`Xiao Fang Shi' is a rare, dwarf cultivar of persimmon (Diospyros kaki Linn cv.) recently found north of Shanghai, China. The tree starts to bear fruit at 2 years of age, while standard trees start fruiting at 5 or 6 years of age. Dwarf and standard cultivars have about equal spring shoot growth, but the dwarf cultivar has little fall growth. To determine the mechanisms of dwarfness and early fruiting, enzyme-linked immunosorbant assay (ELISA) was used to analyze the endogenous indoleacetic acid (IAA), gibberellic acid (GA1+3) and abscicic acid (ABA) contents in leaves and shoot tips of dwarf (`Xiao Fang Shi') and standard (`Da Fang Shi' and `Zhu Sha Hong') persimmon. The measurement was done during the entire growing season. The results showed that IAA, GA1+3, and ABA contents were influenced by cultivars, ages of trees, and phenophases. The dwarf cultivar `Xiao Fang Shi' has lower IAA and GA1+3 but higher ABA contents than the two standard cultivars during the growing season. These correlations are especially evident when the fruit is ripening. The correlation coefficiency between contents of IAA and GA1+3 and tree height was 0.9704, while that between ABA content and tree height is –0.9697. The low IAA and GA, and high ABA contents may be responsible for little shoot growth of the dwarf cultivar in the fall.
Wenhao Dai, Zong-Ming Cheng and Wayne Sargent
A high-efficiency regeneration/transformation system was developed for three elite aspen hybrids (Populus tremuloides × P.tremula, P.tremuloides × P.davidiana, and P. × canescens × P. grandidentata). On both modified MS medium for aspen (MSA) and Woody Plant Medium (WPM) supplemented with zeatin (2.0 mg/L) and NAA (1.0 mg/L), nearly 100% leaf explants formed calli, of which 80% to 100% regenerated into shoots on both media with 2.0mg/L zeatin and 0.01 mg/L TDZ. Bacterial concentration, pH value of the co-cultivation medium, and acetosyringone were evaluated for enhancing transformation efficiency. Agrobacterial concentration at 1.0 Absorbance at OD600 was better than at 0.1, 0.5 Abs, yielding 80% and 75% of callus induction rates from agrobacterium harboring CaMV35s and Heat shock promoter constructs, respectively. The pH of co-cultivation medium, ranging 5.0 to 5.9, did not have any effect on transformation frequency. Acetosyringone was added to the co-cultivation medium and/or to the callus induction medium, the induction of kanamycin-resistant callus increased from 70% to 80% to 90% to 100%, and the size of callus also increased. Acetosyringone had no effect on shoot regeneration from kanamycin-resistant calli. Regenerated aspen shoots were screened on the kanamycin-containing medium, and confirmed by GUS histochemical assay. The GUS-positive plants were further confirmed by polymerase chain reaction, showing that the nptII, uidA, and rolB genes were integrated into the aspen genomes.
Wenhao Dai, Victoria Magnusson and Chris Johnson
Chokecherry (Prunus virginiana L.) was transformed using Agrobacterium tumefaciens strain EHA105 harboring binary vector pBI121 carrying the neomycin phosphotransferase gene (nptII) and β-glucuronidase (GUS) gene (uidA). Plants were regenerated from the Agrobacterium-infected leaf tissues through organogenesis on woody plant medium (WPM) supplemented with MS (Murashige and Skoog) vitamins, 10 μm 6-benzyladenine (BA), and 250 mg·L−1 cefotaxime plus 500 mg·L−1 carbenicillin plus 15 mg·L−1kanamycin (CCK15). Transformation was verified with polymerase chain reaction (PCR) and Southern blot analysis. Four of 150 (2.67%) initial explants produced GUS- and PCR-positive shoots. Southern blot analysis confirmed that the transgenes were integrated into the chokecherry genome. Transgenic in vitro shoots were rooted in half-strength MS medium containing 10 μm naphthalene acetic acid. Rooted plants were transferred to potting mix and grown in the greenhouse. This research shows a potential for future improvement of chokecherry and other Prunus species. Chemical names used: 6-benzyladenine (BA), naphthalene acetic acid (NAA), acetosyringone (AS), 5-Bromo-4-chloro-3-indoxyl-beta-D-glucuronide cyclohexylammonium (X-Glu), cefotaxime, carbenicillin, kanamycin.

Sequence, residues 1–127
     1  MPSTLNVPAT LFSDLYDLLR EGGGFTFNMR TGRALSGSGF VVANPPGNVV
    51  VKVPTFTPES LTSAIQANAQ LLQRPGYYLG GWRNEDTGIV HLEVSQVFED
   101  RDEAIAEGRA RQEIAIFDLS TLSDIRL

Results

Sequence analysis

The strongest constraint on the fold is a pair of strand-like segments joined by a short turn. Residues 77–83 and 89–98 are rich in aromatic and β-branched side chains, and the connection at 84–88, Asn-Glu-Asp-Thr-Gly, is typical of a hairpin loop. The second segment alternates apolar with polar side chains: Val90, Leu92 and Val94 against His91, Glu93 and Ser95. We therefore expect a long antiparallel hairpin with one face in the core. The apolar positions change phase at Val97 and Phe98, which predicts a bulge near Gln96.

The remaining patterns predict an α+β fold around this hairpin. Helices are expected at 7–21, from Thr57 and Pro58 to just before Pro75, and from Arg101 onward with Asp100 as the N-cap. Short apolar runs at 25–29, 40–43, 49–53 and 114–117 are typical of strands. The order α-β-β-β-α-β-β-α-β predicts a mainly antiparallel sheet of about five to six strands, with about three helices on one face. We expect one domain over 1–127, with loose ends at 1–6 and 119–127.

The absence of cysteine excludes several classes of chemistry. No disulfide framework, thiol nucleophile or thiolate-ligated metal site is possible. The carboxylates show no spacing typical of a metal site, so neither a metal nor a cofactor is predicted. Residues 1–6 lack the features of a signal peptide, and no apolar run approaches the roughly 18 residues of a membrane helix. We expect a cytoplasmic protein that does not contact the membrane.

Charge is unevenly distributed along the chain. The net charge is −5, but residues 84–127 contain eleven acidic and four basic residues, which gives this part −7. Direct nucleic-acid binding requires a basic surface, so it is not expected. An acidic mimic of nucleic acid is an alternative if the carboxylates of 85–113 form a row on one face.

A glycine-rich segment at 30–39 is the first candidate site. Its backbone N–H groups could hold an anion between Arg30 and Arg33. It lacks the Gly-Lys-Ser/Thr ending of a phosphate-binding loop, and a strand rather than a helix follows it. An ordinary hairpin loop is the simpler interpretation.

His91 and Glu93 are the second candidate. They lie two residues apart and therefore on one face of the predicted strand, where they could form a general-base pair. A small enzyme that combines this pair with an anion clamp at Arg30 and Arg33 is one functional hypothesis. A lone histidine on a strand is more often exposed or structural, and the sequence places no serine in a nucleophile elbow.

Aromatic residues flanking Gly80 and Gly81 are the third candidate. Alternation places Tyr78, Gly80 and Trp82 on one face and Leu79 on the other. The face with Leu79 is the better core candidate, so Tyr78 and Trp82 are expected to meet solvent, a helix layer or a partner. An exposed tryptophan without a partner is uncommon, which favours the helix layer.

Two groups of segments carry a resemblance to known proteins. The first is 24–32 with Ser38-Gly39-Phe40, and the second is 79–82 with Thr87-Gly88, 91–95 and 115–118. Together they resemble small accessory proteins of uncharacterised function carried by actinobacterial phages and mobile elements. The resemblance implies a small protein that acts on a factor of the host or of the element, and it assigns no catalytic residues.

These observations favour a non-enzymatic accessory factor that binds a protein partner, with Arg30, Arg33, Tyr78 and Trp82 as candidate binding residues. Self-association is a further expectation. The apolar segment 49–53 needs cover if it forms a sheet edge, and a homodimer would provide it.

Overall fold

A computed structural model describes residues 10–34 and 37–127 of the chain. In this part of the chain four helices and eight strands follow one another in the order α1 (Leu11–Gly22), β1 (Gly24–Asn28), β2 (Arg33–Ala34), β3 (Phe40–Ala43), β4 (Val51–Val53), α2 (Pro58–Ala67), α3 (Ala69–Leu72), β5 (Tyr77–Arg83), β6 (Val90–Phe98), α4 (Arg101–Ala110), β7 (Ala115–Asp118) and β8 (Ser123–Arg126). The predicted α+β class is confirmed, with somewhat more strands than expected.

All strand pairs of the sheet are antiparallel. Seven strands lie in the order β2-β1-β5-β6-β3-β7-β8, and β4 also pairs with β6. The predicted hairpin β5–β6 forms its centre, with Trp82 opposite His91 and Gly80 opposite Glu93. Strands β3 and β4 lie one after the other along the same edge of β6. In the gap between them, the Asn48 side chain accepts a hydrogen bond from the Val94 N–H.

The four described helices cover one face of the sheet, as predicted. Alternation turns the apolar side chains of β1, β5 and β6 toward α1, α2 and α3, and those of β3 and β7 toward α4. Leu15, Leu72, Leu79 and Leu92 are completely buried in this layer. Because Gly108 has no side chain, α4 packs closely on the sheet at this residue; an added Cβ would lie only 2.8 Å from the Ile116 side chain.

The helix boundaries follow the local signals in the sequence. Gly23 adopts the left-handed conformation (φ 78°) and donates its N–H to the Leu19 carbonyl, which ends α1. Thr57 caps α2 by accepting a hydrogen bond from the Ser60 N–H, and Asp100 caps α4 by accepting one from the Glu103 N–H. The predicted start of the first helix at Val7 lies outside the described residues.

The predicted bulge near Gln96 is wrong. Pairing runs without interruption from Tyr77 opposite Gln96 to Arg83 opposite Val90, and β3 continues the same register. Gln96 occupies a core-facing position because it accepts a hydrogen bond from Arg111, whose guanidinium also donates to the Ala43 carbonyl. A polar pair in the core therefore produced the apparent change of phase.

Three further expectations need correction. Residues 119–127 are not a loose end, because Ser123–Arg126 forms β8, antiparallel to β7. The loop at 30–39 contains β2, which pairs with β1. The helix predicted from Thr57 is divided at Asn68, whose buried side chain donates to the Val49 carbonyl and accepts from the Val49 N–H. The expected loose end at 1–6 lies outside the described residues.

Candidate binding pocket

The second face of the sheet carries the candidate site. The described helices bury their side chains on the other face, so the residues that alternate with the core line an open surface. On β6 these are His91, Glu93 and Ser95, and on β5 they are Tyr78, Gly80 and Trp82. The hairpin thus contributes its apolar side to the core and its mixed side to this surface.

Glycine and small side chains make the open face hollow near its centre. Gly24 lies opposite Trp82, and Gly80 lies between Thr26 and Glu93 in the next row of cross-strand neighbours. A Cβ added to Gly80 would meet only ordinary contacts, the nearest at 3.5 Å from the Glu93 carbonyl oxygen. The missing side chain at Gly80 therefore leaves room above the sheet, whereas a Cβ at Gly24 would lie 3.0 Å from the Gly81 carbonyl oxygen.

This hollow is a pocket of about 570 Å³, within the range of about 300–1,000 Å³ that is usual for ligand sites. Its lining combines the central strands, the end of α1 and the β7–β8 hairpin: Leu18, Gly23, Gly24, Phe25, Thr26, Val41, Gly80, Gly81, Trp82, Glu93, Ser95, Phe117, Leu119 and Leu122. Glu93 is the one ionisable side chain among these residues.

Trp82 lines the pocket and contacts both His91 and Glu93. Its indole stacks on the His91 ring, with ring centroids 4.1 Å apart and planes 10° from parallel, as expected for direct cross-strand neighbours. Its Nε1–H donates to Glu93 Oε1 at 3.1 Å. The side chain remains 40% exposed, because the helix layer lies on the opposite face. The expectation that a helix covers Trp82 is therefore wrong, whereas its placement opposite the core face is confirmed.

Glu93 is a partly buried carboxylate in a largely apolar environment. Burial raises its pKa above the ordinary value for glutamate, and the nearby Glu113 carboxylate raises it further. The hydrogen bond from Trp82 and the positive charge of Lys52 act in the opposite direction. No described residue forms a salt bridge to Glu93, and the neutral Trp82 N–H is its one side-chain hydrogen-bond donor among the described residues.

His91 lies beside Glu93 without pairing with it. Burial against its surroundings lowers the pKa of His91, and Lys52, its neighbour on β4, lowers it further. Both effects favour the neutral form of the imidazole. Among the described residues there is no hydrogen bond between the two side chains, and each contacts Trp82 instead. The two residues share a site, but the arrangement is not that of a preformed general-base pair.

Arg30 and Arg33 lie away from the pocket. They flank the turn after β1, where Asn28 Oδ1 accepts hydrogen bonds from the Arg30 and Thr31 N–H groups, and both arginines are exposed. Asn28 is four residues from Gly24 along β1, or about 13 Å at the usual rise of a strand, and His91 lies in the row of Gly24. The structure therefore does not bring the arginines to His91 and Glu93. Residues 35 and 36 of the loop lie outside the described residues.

Wenhao Dai, Victoria Magnusson and Andrea Swanberg
Many woody plants, including some birch species, can be cloned using such in vitro techniques as pre-existing meristem culture, organogenesis, and embryogenesis. However, clonal fidelity of in vitro-derived plants is always a big concern because somaclonal variations may be induced during the entire in vitro process. To address this issue, we used random amplified polymorphic DNA (RAPD) markers to determine the genetic stability of in vitro-propagated plants of Betula platyphylla `Fargo'. Forty-two greenhouse-grown birch plants derived from a 10-year shoot tip culture (shoot-derived) and 42 in vitro plants regenerated from leaf tissues (regenerated) were randomly selected and evaluated for their genetic fidelity by RAPD. To date, 20 primers (C1-C20, Operon Technologies) were screened for all 84 plants. Only strong bands that are conservative were scored. Each primer generated a unique set of amplification products. Most of scoreable bands are ranged from 350 to 1800 bp. A total of 3696 fragments were amplified from 42 shoot-derived plants by all 20 primers with an average of 4.4 bands per primer, in which 6 primers produced polymorphic bands, indicating some genetic variations within shoot-derived plants. Nineteen out of 20 primers yielded 2772 clear and reproducible bands (an average of 3.47 per primer) from 42 regenerated plants with no significant variations being detected. Our preliminary results showed that in vitro regenerated plants are genetically uniform. However, a long-term tissue culture might result in a few genetic variations of birch species.